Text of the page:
<< Chapter < Page | Chapter >> Page > |
Geometry (Greek: geo = earth, metria = measure) arose as the field of knowledge dealing with spatial relationships. It was one of the two fields of pre-modern mathematics, the other being the study of numbers. In modern times, geometric concepts have become very complex and abstract and are barely recognizable as the descendants of early geometry. Geometry is often split into Euclidean geometry and analytical geometry. Euclidean geometry is covered in this chapter.
Work in pairs or groups and investigate the history of the foundation of geometry. Describe the various stages of development and how the following cultures used geometry to improve their lives. This list should serve as a guideline and provide the minimum requirement, there are many other people who contributed to the foundation of geometry.
In this section we will look at the properties of some special quadrilaterals. We will then use these properties to solve geometrical problems. It should be noted that although all the properties of a figure are given, we only need one unique property of the quadrilateral to prove that it is that quadrilateral. For example, if we have a quadrilateral with two pairs of opposite sides parallel, then that quadrilateral is a parallelogram. We can then prove the other properties of the quadrilateral using what we have learnt about parallel lines and triangles.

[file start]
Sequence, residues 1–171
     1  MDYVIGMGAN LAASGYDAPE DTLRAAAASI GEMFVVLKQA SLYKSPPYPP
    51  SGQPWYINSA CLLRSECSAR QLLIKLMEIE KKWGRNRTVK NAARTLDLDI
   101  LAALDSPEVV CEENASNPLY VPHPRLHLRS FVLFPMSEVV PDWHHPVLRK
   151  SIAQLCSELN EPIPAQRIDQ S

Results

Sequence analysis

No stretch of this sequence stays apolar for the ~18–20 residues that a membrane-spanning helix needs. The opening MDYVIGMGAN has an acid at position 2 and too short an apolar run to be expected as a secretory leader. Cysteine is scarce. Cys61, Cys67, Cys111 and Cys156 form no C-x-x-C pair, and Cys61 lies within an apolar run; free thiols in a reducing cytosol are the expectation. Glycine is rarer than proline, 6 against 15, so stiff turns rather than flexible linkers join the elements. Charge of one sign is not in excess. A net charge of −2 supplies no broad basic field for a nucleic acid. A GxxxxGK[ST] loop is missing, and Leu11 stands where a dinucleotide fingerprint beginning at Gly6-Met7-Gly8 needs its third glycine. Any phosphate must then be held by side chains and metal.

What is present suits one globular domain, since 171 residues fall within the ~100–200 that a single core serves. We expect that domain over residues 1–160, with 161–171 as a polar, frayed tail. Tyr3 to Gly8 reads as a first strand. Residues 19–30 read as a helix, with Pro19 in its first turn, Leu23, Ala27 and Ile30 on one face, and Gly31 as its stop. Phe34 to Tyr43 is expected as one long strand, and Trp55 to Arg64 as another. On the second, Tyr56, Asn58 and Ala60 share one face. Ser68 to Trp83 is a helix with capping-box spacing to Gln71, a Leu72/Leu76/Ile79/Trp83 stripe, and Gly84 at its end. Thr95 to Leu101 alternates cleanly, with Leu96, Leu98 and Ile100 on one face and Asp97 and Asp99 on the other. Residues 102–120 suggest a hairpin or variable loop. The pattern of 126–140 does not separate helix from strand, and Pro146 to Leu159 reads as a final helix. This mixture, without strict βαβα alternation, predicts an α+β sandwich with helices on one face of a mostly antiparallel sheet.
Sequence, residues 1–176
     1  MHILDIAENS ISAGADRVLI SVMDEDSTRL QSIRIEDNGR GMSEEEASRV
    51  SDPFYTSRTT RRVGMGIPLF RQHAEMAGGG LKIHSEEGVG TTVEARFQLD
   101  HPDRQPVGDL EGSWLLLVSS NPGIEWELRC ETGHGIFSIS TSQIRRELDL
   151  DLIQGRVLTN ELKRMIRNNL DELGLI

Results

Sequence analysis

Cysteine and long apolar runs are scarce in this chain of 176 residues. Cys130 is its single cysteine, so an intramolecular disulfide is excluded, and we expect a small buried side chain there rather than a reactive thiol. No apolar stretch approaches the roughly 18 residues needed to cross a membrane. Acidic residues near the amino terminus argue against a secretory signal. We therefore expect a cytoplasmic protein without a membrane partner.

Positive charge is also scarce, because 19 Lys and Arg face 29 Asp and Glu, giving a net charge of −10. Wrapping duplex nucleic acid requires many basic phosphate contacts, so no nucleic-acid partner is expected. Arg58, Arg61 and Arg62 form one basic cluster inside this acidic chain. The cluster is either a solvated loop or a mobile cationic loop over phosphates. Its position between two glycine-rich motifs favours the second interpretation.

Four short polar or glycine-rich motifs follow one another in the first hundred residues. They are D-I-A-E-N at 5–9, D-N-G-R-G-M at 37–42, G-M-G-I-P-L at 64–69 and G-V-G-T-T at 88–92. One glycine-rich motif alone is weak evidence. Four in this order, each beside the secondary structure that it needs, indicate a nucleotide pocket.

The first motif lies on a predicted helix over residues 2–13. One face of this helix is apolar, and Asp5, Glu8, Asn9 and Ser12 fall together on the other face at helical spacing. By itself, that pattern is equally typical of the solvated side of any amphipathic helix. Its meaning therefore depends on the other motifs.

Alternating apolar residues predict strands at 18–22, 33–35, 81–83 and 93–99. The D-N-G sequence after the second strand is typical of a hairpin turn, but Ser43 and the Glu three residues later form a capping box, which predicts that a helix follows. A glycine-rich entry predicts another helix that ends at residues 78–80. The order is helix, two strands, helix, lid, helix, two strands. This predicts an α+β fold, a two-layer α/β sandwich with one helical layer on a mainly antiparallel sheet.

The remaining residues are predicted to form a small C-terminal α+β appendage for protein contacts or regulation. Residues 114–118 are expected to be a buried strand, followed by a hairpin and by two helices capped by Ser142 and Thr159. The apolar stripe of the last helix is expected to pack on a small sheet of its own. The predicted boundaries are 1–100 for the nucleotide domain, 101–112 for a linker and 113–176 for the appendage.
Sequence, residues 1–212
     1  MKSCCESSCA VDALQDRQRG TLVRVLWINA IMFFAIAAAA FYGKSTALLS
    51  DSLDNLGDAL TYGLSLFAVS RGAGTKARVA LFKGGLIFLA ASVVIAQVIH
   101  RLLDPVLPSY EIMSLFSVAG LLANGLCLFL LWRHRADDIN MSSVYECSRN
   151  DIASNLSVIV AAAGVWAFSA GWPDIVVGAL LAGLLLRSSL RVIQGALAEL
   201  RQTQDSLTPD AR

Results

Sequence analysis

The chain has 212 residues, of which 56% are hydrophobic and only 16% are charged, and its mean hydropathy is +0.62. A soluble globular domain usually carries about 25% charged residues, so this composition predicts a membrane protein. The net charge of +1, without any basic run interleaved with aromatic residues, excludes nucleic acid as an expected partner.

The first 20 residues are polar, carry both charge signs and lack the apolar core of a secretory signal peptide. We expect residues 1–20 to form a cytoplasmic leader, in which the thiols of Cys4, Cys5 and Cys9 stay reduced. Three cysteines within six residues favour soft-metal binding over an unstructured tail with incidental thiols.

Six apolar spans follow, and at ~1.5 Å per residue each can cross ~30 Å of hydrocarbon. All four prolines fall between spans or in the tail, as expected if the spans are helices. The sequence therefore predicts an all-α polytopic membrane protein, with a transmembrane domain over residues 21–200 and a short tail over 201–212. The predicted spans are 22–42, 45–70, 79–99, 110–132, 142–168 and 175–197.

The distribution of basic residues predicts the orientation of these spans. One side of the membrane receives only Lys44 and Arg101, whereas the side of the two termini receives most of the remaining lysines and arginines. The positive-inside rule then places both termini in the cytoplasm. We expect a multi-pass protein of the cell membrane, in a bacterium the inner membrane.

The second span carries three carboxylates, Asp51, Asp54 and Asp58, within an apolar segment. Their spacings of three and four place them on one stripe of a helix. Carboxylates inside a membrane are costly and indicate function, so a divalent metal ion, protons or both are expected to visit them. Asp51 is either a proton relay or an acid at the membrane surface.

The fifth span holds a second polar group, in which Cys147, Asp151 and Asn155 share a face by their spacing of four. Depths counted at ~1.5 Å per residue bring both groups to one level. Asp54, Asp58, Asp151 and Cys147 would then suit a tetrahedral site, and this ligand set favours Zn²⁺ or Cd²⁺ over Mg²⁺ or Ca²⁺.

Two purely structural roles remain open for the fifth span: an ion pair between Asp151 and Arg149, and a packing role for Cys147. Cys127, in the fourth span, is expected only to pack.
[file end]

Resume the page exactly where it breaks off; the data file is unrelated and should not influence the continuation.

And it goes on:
A trapezium is a quadrilateral with one pair of parallel opposite sides. It may also be called a trapezoid . A special type of trapezium is the isosceles trapezium , where one pair of opposite sides is parallel, the other pair of sides is equal in length and the angles at the ends of each parallel side are equal. An isosceles trapezium has one line of symmetry and its diagonals are equal in length.
Note: The term trapezoid is predominantly used in North America and refers to what we call a trapezium. Rather confusingly, they use the term 'trapezium' to refer to a general irregular quadrilateral, that is a quadrilateral with no parallel sides!
A trapezium with both sets of opposite sides parallel is called a parallelogram . A summary of the properties of a parallelogram is:
A rectangle is a parallelogram that has all four angles equal to ${90}^{\circ}$ . A summary of the properties of a rectangle is:
Notification Switch
Would you like to follow the 'Siyavula textbooks: grade 10 maths [caps]' conversation and receive update notifications?